[14] P. J. Agerfalk and B. Fitzgerald, “Outsourcing to an unknown workforce: exploring open sourcing as a global sourcing strategy,” MIS Q., vol. 32, no. 2, pp. 385–409, Jun. 2008. [Online]. Available:
[15] A. Bonaccorsi and C. Rossi, “Comparing motivations of individual programmers and firms to take part in the open source movement: From community to business,” Knowledge, Technology, and Policy, vol. 18, no. 4, pp. 40–64, 2006.
[16] K. Crowston, K. Wei, J. Howison, and A. Wiggins, “Free/libre open source software development: What we know and what we do not know,” ACM Computing Surveys, vol. 44, 02/2012 2012.
[17] P. Capek, S. Frank, S. Gerdt, and D. Shields, “A history of ibm’s open-source involvement and strategy,” IBM Systems Journal, vol. 44, no. 2, pp. 249–257, 2005.
[18] J. Henkel, “Selective revealing in open innovation processes: The case of embedded linux,” Re- search Policy, vol. 35, pp. 953–969, 2006.
[19] A. Bonaccorsi, S. Giannangeli, and C. Rossi, “Entry strategies under competing standards: Hybrid business models in the open source software industry,” Management Science, vol. 52, no. 7, pp. 1085–1098, July 2006.
[20] N. Munga, T. Fogwill, and Q. Williams, “The adoption of open source software in business models: a red hat and ibm case study,” in The 2009 Annual Research Conference of the South African Institute of Computer Scientists and Information Technologists, October 2009.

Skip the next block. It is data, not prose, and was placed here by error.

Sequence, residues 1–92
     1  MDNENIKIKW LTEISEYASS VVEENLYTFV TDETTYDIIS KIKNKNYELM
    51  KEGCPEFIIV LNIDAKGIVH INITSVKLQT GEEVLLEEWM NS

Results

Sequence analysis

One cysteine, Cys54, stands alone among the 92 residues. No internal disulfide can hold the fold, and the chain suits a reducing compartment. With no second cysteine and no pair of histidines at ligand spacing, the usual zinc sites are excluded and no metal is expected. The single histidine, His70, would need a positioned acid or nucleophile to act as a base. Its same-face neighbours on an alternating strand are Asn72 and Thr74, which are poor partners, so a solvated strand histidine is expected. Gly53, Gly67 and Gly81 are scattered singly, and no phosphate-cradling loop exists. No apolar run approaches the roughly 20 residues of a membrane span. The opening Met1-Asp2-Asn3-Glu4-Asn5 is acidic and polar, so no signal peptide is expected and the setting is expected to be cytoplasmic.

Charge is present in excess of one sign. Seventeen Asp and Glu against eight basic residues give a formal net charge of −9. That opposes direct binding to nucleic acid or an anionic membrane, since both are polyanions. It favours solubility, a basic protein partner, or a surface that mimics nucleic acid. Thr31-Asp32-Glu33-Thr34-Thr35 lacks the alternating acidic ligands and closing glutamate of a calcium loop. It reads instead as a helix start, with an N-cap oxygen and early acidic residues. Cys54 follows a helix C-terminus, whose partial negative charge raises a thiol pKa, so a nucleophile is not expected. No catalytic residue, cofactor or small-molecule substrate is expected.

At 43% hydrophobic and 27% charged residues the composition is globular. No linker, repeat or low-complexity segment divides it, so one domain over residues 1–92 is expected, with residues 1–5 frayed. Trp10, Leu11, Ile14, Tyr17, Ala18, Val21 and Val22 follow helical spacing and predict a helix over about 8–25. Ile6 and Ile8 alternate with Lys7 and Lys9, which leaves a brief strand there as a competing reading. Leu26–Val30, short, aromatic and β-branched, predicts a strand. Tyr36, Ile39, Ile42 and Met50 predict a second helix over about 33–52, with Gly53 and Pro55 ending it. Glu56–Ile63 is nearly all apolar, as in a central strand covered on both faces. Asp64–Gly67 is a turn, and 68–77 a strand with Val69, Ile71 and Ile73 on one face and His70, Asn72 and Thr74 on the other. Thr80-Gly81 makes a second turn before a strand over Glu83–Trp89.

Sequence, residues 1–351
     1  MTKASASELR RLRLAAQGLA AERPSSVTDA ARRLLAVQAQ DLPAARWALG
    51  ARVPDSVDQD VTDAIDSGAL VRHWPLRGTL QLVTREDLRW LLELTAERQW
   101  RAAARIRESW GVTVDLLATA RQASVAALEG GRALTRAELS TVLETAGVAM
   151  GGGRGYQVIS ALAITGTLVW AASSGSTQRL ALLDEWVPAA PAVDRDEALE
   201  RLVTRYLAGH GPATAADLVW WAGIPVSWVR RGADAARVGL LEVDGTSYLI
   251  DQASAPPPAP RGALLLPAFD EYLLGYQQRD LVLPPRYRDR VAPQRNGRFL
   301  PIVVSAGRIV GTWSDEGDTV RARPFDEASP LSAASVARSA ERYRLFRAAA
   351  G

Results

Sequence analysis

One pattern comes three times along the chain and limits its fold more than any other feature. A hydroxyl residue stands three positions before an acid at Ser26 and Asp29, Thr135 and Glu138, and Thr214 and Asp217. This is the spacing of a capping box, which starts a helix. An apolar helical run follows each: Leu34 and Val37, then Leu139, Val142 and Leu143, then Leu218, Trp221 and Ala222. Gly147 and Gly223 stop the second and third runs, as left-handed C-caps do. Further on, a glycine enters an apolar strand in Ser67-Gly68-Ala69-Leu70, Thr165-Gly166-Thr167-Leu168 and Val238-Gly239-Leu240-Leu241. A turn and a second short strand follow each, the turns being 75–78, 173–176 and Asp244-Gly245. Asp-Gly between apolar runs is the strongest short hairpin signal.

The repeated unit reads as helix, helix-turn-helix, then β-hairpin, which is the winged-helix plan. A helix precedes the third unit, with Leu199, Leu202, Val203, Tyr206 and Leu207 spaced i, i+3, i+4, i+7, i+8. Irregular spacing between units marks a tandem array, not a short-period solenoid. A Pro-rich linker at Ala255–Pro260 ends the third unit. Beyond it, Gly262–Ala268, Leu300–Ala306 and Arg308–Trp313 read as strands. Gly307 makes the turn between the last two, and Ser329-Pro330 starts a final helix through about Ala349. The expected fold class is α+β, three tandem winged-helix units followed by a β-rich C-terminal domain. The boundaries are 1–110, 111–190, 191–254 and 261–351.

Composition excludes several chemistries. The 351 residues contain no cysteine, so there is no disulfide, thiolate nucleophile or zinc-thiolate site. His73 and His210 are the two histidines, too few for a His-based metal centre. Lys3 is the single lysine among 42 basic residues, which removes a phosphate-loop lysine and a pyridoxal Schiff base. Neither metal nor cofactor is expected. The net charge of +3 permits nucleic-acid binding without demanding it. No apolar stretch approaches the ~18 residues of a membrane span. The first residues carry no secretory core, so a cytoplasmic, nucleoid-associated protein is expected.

[21] L. Dahlander and M. Magnusson, “How do firms make use of open source communities?” Long Range Planning, vol. 41, no. 6, pp. 629 – 649, 2008. [Online]. Available:
[22] P. Wagstrom, J. Herbsleb, R. Kraut, and A. Mockus, “The impact of commercial organizations on volunteer participation in an online community,” in Academy of Management Annual Meeting, Montreal, CA, August 6-10 2010.
[23] X. Ma, M. Zhou, and D. Riehle, “How commercial involvement affects open source projects: three case studies on issue reporting,” Science China Information Sciences, vol. 56, no. 8, pp. 1–13, 2013.
[24] M. Zhou, A. Mockus, X. Ma, L. Zhang, and H. Mei, “Inflow and retention in oss communities with commercial involvement: A case study of three hybrids,” ACM Transactions on Software Engineering and Methodology (TOSEM), March 2016.
[25] K. Stol, P. Avgeriou, M. Babar, Y. Lucas, and B. Fitzgerald, “Key factors for adopting inner source,” ACM Transactions on Software Engineering and Methodology, vol. 23, no. 2.
[26] K. Stol and B. Fitzgerald, “Twos company, threes a crowd: a case study of crowdsourcing software development,” in Proc. International Conference on Software Engineering, 2014.